Our children are growing-up in a time that seems to emphasize division over unity. And don’t be mistaken … children know what’s happening. They catch glimpses of the news on TV; overhear their parents talking about events such as Charlottesville; or are old enough (hopefully) to receive their information through social media.
It is extremely difficult to shelter our children from the sometimes harsh realities of the world that surrounds them. But perhaps we shouldn’t always try to shelter them. Perhaps it is best to face these issues head-on, and turn them into teachable moments.
Schools must play a role in providing a safe forum for children — of an appropriate age — to discuss the divisions that inflict our nation. The role of the teacher is not to choose sides, but rather to serve as the moderator of the discussion, ensuring that it remains appropriate in tone and content. To simply punish a child for making an inappropriate racial remark at recess is insufficient, unless it is part of a larger, school-wide strategy to encourage tolerance and understanding.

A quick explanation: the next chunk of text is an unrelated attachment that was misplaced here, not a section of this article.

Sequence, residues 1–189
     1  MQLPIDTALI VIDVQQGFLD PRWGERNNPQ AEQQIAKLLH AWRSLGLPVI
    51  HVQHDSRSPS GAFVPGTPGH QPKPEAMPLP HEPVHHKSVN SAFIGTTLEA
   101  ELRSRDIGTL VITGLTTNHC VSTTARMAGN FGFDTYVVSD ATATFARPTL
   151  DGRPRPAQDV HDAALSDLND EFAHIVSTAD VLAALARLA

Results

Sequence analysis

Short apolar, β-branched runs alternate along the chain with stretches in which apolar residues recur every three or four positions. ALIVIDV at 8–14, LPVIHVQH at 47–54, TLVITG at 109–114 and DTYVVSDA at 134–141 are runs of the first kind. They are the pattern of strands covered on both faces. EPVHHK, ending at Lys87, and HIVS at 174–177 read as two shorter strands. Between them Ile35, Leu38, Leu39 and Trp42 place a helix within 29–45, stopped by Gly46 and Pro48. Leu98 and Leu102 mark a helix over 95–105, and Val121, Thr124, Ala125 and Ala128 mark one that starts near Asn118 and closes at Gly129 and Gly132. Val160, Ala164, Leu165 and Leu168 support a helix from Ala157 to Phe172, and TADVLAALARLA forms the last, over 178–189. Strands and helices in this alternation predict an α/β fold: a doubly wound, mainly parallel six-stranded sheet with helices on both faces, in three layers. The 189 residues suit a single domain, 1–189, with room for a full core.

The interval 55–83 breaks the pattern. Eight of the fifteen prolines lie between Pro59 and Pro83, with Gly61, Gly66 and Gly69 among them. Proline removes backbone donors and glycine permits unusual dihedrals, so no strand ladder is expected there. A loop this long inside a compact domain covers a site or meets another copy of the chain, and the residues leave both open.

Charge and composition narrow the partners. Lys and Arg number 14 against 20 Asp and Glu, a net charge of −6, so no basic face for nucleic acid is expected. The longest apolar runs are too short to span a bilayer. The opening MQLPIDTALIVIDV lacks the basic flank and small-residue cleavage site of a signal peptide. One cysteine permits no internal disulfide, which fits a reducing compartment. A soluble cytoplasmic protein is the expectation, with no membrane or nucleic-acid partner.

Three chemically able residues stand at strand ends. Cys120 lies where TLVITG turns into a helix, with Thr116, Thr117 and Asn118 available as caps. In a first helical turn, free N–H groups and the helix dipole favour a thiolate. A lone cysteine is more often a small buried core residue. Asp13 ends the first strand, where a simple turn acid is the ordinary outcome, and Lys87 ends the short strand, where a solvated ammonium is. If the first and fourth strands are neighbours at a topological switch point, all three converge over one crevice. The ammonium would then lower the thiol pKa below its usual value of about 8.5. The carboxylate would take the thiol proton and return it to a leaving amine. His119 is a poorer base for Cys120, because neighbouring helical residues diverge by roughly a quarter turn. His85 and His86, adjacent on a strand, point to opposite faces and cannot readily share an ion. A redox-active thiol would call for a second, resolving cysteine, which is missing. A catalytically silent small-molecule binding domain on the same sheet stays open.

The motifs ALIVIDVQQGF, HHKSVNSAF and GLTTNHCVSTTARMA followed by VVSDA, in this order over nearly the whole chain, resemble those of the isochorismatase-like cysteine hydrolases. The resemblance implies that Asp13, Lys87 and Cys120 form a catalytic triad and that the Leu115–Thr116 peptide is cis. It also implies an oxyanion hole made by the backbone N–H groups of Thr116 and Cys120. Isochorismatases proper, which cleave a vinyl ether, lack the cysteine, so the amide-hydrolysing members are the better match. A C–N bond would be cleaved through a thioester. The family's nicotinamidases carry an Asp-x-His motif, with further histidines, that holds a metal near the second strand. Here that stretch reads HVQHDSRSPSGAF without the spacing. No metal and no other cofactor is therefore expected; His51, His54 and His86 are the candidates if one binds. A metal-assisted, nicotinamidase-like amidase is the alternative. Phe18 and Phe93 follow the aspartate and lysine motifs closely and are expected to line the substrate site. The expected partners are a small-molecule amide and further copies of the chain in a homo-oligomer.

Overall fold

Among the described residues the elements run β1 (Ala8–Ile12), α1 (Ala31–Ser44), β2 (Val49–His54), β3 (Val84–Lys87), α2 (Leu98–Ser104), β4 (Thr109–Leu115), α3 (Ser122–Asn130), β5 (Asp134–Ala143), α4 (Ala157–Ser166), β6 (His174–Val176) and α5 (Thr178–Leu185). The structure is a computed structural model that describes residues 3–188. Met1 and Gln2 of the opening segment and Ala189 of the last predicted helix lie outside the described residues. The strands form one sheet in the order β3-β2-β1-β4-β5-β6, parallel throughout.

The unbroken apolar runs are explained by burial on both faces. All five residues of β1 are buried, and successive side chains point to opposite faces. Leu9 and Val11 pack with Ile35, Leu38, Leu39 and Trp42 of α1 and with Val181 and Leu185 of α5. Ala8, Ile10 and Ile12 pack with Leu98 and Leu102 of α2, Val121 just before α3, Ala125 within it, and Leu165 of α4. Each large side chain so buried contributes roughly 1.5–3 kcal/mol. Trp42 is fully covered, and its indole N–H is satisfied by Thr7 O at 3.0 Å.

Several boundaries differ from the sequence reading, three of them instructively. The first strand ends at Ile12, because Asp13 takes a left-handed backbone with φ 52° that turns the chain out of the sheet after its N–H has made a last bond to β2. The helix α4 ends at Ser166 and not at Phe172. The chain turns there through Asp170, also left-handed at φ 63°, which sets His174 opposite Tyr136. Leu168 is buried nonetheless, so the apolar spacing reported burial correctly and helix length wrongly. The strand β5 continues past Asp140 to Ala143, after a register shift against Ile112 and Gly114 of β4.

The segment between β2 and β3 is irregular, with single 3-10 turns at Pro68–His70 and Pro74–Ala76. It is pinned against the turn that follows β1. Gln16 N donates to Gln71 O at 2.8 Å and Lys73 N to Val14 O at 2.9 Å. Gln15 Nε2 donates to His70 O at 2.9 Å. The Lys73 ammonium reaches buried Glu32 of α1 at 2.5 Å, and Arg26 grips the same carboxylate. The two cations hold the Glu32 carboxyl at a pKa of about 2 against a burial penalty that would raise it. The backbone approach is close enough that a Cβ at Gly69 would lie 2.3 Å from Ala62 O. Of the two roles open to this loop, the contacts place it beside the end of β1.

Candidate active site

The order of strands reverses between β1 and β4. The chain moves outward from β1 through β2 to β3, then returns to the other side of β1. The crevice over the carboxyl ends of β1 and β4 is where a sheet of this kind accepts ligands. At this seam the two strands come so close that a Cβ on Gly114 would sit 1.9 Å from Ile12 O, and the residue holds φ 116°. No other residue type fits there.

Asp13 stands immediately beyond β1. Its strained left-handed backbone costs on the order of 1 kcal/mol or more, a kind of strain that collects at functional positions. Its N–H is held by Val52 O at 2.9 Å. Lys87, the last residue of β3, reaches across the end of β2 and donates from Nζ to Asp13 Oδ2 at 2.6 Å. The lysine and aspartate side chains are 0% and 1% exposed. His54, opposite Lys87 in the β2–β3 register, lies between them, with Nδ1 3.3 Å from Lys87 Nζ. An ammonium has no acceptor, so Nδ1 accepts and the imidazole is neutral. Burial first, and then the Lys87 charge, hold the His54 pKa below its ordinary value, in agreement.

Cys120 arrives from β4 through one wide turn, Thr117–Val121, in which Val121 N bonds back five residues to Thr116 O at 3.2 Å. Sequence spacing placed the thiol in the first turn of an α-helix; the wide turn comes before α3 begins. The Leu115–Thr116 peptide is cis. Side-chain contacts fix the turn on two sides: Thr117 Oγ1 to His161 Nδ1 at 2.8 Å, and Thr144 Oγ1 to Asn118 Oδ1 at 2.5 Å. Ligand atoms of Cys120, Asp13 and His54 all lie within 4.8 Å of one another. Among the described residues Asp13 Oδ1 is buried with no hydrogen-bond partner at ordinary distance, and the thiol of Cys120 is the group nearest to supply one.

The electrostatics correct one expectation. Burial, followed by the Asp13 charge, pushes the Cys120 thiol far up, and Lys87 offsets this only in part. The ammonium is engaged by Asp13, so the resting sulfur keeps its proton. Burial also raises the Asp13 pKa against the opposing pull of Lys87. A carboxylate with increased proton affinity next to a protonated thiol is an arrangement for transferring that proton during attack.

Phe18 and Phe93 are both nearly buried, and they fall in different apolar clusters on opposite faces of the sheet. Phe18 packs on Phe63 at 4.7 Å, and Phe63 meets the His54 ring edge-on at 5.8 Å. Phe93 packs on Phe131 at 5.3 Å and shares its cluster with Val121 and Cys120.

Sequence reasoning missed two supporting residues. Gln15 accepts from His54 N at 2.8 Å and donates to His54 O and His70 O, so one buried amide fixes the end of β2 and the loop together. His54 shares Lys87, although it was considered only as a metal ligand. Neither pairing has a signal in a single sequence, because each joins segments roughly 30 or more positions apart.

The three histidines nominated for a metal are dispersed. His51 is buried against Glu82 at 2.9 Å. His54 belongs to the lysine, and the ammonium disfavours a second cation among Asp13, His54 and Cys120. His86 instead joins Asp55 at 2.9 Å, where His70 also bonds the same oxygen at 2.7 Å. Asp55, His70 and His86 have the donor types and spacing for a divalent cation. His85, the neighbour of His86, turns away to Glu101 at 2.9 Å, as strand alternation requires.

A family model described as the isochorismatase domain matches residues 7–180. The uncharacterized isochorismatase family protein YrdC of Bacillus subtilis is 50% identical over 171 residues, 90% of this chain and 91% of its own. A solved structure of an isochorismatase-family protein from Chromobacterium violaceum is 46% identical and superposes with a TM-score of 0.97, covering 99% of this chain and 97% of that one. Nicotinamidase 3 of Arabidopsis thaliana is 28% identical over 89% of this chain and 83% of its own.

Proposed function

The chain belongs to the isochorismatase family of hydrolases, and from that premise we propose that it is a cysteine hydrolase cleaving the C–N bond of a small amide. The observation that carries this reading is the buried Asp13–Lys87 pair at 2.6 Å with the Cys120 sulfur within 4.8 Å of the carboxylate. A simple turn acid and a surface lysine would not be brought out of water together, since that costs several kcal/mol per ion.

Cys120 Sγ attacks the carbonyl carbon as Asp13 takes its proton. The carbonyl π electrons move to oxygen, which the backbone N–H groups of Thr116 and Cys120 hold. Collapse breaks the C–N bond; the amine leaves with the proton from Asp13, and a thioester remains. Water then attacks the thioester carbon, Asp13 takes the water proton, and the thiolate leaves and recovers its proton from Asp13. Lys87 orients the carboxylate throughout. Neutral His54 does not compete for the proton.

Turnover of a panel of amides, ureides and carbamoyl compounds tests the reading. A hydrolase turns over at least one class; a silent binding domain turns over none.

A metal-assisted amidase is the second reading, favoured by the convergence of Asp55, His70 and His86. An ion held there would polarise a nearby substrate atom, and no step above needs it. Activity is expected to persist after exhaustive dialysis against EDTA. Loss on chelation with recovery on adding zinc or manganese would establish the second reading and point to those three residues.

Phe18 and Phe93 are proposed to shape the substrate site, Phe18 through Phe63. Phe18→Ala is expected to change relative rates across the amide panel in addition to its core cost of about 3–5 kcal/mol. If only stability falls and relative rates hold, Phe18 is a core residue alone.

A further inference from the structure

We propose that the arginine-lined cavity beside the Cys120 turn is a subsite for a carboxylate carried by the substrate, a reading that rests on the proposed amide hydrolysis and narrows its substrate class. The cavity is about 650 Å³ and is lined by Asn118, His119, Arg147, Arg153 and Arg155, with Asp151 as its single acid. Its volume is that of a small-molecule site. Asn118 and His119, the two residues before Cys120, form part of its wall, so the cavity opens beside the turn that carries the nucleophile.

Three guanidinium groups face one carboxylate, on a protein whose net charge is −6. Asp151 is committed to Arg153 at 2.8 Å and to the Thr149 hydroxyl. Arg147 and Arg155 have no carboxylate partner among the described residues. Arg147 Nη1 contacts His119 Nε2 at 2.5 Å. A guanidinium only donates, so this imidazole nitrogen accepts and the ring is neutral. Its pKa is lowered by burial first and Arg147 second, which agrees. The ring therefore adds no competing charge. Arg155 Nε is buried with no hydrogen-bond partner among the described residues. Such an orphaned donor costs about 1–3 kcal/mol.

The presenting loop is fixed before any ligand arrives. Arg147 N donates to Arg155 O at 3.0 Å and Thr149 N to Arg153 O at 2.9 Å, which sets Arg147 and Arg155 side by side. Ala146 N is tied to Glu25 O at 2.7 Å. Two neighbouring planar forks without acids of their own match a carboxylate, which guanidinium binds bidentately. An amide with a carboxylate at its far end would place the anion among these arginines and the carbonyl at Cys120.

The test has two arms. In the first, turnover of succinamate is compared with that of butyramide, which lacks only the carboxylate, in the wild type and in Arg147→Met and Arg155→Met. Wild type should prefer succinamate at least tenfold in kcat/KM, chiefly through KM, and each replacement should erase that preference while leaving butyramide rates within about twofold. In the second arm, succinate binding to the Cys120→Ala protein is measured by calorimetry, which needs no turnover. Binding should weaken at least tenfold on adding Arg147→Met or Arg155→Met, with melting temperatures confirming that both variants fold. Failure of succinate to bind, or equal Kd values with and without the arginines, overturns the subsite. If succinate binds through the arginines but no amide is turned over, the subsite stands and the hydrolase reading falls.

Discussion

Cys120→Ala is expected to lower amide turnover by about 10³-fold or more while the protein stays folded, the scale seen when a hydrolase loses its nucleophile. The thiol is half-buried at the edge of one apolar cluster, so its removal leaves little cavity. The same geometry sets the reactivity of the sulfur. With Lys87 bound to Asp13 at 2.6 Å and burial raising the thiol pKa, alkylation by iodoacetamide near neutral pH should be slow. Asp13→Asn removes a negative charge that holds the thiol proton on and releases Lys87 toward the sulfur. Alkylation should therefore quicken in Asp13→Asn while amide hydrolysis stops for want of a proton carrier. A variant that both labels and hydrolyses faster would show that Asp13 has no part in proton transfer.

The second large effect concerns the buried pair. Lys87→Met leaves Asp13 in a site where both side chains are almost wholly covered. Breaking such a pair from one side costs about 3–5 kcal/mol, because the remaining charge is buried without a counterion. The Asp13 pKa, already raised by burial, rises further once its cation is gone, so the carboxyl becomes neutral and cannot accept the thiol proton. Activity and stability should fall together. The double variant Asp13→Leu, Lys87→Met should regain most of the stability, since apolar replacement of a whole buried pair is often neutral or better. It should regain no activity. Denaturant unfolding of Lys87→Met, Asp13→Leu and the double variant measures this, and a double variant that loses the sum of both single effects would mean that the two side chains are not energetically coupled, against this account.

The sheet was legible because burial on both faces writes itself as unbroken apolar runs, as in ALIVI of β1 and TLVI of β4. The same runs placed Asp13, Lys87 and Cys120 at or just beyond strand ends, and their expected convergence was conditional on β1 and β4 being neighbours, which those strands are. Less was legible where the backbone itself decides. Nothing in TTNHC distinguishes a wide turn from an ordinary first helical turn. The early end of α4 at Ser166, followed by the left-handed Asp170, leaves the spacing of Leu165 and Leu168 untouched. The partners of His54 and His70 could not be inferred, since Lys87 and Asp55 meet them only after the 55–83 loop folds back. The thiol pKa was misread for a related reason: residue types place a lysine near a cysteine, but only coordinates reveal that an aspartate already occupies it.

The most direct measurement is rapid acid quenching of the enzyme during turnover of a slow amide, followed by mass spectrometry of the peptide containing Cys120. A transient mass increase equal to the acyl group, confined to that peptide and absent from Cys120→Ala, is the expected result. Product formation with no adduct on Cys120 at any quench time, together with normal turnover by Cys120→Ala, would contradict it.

But how can this be achieved?
There are certainly many tools available to teachers that are designed to teach students to be more respectful and tolerant. But more often than not, these tools are one-offs. They may take the form of a school-wide assembly, for instance, with a motivational guest speaker. But what happens after the assembly is over? Is the content of the assembly discussed in the classroom? It rarely is. And this is where schools often fail.
At one extreme, there are some parents who feel that the role of a school is simply to teach math and reading, and stay out of the…
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